International human rights experts and Members of Parliament on Saturday called on the United Nations High Commission for Human Rights to launch a Commission of Inquiry into the 1988 massacre of thousands of political prisoners in Iran.
They, along with survivors, described the 1988 massacre as an ‘ongoing crime against humanity’.
At a webinar broadcast by the opposition National Council of Resistance of Iran (NCRI), survivors of the 1988 massacre described the torment they faced and witnessed in Iran’s prisons.
Legal expert Tahar Boumedra, whose organization Justice for the Victims of the 1988 Massacre in Iran (JVMI) has investigated the mass killings, pointed out that more than 30,000 political prisoners, primarily members of the People’s Mojahedin Organization of Iran (PMOI or MEK), were executed following a fatwa by Ayatollah Khomeini.
Former European lawmaker Struan Stevenson told the event: “Thirty-two years ago this month, a crime against humanity began in Iran in a tempest of savagery that has not been surpassed since the end of the Second World War. The fascist theocracy began the systematic execution of political prisoners. Within months, they have hanged over 30,000 men and women, mostly members and supporters of the People’s Mujahedeen of Iran, the PMOI, MEK, the main democratic opposition to the mullahs. They were murdered on the orders of the psychotic supreme leader, Ayatollah Ruhollah Khomeini, a man who claimed to be the voice of God on Earth but was in fact the disciple of Satan.”
“The 1988 massacre of political prisoners in Iran is an example of both a crime against humanity and genocide based on international conventions. Neither crimes against humanity nor genocide are allowed to expire with the passage of time. At a time when the Iranian people have shown with their consecutive and nationwide protests that they are sick of the current regime and the ongoing violation of human rights, it’s surely the duty of the international community and especially the United Nations to respond by supporting their call for justice”, he added.
Former Italian Foreign Minister Giulio Terzi pointed out that many perpetrators of the 1988 massacre have gone on to become top officials in the Iranian government and Judiciary.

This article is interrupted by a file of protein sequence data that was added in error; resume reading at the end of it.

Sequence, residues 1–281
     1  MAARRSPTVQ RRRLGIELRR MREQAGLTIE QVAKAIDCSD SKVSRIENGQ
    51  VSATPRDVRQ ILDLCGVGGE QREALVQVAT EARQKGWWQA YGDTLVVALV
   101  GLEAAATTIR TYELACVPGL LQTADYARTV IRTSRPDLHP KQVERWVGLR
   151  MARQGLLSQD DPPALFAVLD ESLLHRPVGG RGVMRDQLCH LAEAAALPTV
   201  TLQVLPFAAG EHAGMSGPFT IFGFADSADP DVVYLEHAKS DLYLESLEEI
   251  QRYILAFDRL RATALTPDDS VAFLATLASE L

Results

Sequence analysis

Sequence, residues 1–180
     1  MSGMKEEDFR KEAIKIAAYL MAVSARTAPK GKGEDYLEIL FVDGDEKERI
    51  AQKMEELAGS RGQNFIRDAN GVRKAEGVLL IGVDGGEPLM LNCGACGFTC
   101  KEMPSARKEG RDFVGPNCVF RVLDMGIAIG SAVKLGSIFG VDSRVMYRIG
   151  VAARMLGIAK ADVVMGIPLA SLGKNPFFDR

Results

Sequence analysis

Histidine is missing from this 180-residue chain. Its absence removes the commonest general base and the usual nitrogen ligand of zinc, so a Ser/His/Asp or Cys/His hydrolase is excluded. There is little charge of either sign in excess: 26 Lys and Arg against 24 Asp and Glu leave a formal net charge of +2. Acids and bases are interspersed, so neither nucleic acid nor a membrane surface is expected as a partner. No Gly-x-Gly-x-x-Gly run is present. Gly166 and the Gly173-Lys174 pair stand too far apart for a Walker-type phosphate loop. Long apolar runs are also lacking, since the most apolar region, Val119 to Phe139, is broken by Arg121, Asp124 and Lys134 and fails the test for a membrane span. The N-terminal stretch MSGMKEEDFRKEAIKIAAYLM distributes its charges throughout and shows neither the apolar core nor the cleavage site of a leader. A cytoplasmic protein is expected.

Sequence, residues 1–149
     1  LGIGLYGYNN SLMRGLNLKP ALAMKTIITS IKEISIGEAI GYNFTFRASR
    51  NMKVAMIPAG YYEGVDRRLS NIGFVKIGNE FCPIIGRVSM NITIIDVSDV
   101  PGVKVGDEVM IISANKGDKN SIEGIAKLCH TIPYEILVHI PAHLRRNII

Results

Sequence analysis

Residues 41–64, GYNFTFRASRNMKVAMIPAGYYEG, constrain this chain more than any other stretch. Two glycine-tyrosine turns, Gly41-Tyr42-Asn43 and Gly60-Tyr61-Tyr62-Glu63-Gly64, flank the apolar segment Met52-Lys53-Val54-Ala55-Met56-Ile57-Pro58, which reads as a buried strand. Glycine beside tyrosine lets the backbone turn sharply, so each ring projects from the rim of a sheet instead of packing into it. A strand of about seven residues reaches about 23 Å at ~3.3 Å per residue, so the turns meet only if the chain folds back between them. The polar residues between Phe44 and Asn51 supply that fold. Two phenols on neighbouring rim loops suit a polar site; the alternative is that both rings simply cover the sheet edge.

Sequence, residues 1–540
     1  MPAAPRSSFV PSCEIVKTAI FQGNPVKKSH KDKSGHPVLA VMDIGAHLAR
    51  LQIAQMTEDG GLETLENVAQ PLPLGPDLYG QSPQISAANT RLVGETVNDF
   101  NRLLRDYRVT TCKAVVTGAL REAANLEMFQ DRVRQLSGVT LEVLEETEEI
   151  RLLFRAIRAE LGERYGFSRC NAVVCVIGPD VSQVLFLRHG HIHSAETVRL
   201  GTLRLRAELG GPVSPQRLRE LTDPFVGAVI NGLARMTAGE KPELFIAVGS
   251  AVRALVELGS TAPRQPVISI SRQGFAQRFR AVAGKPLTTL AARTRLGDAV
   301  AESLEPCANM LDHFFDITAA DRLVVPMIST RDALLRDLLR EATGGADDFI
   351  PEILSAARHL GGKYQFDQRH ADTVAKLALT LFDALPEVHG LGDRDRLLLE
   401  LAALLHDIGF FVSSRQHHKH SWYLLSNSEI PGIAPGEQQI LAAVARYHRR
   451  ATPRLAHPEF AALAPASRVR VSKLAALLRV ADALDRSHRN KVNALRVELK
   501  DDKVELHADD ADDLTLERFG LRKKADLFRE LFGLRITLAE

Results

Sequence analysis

“The head of the Iranian judiciary, Ebrahim Raisi; and the Minister of Justice, Alireza Avaei, were members of the ‘Death Commissions’; Mostafa Pour-Mohammadi, was also a member of the ‘Death Commission’ and now is a close advisor to President Hassan Rouhani,” Terzi said.
Speakers pointed out that crimes against humanity are not bound by the statute of limitations, and even though the 1988 massacre was perpetrated 32 years ago, it is still prosecutable today. Iranian officials brazenly claim Khomeini’s fatwa still stands against the MEK.
Kirsty Brimelow, former Chair of the Bar Human Rights Committee of England & Wales, told the event: “This massacre needs to remain at the forefront of the United Nations considerations when it considers human rights violation in Iran. One reason for this aside from the international law framework which also governs Iran is that if it is not tackled, impunity from 1988 continues to impact and inform human rights violations in the present in Iran.”
Other speakers called on the UN Human Rights Council to set up a commission of inquiry into the 1988 massacre and achieve justice for the victims of that crime against humanity. They urged High Commissioner Michelle Bachelet to support the launch of independent fact-finding missions into the 1988 massacre and the murder of 1500 anti-government protesters during the November 2019 uprising.
Numerous speakers called on the Special Rapporteur on the situation of human rights in Iran, Javaid Rehman, to investigate Iran’s 1988 massacre.
Bob Blackman, a Member of Parliament in the United Kingdom told the event: “I also want to address directly the victims of the regime in Iran, both inside Iran and abroad, who are listening and taking part in this conference today and assure them that their voices are being heard here in the UK and the UK Parliament and we will continue to raise this issue with our Government until justice is served.”